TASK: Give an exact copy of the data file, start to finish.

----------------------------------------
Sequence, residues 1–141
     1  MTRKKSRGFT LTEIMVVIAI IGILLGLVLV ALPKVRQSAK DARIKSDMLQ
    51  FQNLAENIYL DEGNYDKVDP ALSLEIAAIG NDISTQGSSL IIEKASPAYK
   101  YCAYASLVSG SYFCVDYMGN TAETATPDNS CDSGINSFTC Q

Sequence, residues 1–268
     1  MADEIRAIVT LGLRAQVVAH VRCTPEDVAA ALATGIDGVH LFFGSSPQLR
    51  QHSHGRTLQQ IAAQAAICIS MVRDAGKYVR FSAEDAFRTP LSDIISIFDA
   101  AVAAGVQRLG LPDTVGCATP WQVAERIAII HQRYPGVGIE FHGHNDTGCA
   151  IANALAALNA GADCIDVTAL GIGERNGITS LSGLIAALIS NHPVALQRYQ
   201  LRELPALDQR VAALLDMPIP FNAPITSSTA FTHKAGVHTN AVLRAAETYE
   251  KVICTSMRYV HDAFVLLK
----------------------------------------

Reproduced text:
Sequence, residues 1–141
     1  MTRKKSRGFT LTEIMVVIAI IGILLGLVLV ALPKVRQSAK DARIKSDMLQ
    51  FQNLAENIYL DEGNYDKVDP ALSLEIAAIG NDISTQGSSL IIEKASPAYK
   101  YCAYASLVSG SYFCVDYMGN TAETATPDNS CDSGINSFTC Q

Sequence, residues 1–268
     1  MADEIRAIVT LGLRAQVVAH VRCTPEDVAA ALATGIDGVH LFFGSSPQLR
    51  QHSHGRTLQQ IAAQAAICIS MVRDAGKYVR FSAEDAFRTP LSDIISIFDA
   101  AVAAGVQRLG LPDTVGCATP WQVAERIAII HQRYPGVGIE FHGHNDTGCA
   151  IANALAALNA GADCIDVTAL GIGERNGITS LSGLIAALIS NHPVALQRYQ
   201  LRELPALDQR VAALLDMPIP FNAPITSSTA FTHKAGVHTN AVLRAAETYE
   251  KVICTSMRYV HDAFVLLK